Trust Administration in Michigan

Administering Revocable and Irrevocable Trusts

Living trusts, often used to avoid probate and estate taxes, are considered revocable in Michigan unless the document itself establishes the trust as irrevocable.

Revocable trusts may be amended during the grantor's (person who establishes the trust) lifetime, but generally become irrevocable trusts when the grantor dies.

An irrevocable trust may only be changed or amended by court order and is managed by a trustee who holds many responsibilities, including:

  • Investing trust assets in accordance with the trust's provisions and for the sole interest of the trust's beneficiaries
  • Making payments to the trust's beneficiaries in accordance with provisions of the trust
  • Preserving and controlling trust property in a reasonable manner
  • Paying the income taxes of the trust
  • Accounting and record keeping for the trust
  • Notifying trust beneficiaries and heirs when the grantor dies
  • Notifying creditors when the grantor dies
  • Notifying the county assessor, if the trust contains real estate ownership, when there is a change of ownership of the trust
  • Dealing impartially with beneficiaries
  • Cooperating with a co-trustee
  • Avoiding using property and assets of the trust for the trustee's benefits or profit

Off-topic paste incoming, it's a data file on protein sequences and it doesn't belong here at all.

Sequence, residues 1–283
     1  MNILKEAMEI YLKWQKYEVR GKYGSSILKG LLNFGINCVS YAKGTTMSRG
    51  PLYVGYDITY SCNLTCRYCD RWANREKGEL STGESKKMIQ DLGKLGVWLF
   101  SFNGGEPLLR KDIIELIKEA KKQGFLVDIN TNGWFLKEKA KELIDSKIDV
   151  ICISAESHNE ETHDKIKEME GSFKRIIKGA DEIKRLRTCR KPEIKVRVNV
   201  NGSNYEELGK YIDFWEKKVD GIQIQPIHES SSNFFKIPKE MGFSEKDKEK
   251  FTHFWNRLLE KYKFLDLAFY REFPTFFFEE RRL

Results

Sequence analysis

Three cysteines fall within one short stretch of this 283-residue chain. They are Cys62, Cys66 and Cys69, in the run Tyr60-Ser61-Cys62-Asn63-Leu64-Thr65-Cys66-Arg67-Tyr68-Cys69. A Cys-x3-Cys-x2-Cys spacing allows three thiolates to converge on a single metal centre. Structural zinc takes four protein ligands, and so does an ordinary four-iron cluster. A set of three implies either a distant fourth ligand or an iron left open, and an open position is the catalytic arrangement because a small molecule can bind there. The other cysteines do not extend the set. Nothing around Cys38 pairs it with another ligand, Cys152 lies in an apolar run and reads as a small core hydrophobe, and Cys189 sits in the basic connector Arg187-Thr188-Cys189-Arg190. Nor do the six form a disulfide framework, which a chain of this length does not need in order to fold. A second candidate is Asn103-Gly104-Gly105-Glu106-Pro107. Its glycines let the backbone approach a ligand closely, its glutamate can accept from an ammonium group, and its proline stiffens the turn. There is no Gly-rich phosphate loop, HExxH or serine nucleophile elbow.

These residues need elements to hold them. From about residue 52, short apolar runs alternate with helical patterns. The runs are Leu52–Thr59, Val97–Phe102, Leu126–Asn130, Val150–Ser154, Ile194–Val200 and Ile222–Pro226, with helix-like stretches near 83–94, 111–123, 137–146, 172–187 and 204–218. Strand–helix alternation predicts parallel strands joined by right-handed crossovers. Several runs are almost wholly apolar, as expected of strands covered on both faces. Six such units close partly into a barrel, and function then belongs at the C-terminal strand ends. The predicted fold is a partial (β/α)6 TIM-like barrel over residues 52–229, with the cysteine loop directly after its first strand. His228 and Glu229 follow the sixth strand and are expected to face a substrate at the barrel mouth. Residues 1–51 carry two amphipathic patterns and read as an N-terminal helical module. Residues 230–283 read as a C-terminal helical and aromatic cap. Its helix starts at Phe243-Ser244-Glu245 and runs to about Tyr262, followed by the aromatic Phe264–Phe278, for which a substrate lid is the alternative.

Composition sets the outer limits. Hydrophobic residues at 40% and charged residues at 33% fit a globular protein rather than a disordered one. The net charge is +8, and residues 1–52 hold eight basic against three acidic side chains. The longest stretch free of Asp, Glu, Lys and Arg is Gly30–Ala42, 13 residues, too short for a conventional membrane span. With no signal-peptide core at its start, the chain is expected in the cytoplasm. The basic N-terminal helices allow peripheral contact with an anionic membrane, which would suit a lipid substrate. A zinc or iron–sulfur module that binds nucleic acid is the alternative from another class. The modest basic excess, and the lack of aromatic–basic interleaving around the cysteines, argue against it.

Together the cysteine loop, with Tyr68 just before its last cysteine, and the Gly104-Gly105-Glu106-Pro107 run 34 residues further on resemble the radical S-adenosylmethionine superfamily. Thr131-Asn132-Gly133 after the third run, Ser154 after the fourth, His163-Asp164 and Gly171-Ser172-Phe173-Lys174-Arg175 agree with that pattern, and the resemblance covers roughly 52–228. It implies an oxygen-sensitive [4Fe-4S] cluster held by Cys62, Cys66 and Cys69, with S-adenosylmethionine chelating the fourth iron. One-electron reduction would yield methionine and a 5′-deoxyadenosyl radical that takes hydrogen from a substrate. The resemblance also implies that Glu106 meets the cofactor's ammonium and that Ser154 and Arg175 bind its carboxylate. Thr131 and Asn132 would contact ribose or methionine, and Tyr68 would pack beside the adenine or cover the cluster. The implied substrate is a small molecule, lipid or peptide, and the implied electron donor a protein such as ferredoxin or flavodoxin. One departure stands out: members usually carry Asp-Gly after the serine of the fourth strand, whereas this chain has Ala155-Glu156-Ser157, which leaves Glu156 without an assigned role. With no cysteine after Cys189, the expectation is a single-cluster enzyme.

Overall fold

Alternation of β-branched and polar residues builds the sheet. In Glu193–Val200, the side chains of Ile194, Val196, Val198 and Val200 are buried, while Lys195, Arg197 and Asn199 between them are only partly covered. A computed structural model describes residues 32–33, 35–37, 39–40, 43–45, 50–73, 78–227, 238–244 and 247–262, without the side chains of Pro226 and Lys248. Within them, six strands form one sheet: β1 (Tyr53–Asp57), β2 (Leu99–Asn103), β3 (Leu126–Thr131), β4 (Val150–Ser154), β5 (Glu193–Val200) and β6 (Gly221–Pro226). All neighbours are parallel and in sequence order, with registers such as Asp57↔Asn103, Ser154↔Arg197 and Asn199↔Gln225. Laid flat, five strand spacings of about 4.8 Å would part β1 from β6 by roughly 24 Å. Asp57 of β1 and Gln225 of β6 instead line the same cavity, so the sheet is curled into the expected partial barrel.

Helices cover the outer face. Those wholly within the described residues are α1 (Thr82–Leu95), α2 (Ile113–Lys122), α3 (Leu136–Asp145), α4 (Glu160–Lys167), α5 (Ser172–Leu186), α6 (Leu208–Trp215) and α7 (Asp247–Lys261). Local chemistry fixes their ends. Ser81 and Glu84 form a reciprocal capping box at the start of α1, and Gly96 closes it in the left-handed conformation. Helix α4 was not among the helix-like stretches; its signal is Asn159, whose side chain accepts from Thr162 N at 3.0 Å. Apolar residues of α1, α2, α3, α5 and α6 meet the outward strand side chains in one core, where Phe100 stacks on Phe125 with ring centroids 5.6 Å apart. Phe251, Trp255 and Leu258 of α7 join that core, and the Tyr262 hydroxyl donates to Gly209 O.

• Avoiding becoming the trustee of another trust with conflicting interests

Dividing Trusts When the Grantor (Originator) Dies - Taxable Estates

With a revocable living trust, when the first spouse dies, two trusts will be operating: Trust A and Trust B. Trust A remains a revocable trust in the control of the surviving spouse while Trust B contains the decedent's assets to which the surviving spouse generally becomes the sole trustee. Trust B cannot be canceled or have its provisions changed, but the surviving spouse may benefit from the income generated by Trust B and, if demonstrable need exists, withdraw principal from Trust B.

When the surviving spouse dies, both trusts become irrevocable, and assets are subject to the federal estate tax if they meet the current threshold. The assets of the trust are then either maintained and payments made to beneficiaries by the trustee (if the trust is to continue after the originator's death) or distributed to beneficiaries in accordance with the provisions of each trust.

Detailed Attention Is Required of a Trustee – Speak With One of Our Experienced Trust Administration Lawyers Today

Trustees can be held personally liable for any breach of fiduciary duty or monetary loss. Beneficiaries may find cause to sue the trustee or other beneficiaries if they suspect issues with the trust's administration or distribution.

Please call our offices in Kalamazoo, Grand Rapids or Paw Paw to schedule a free initial consultation with one of our attorneys at 888-635-3824 or email us. We look forward to speaking with you about your specific trust administration and estate administration concerns.


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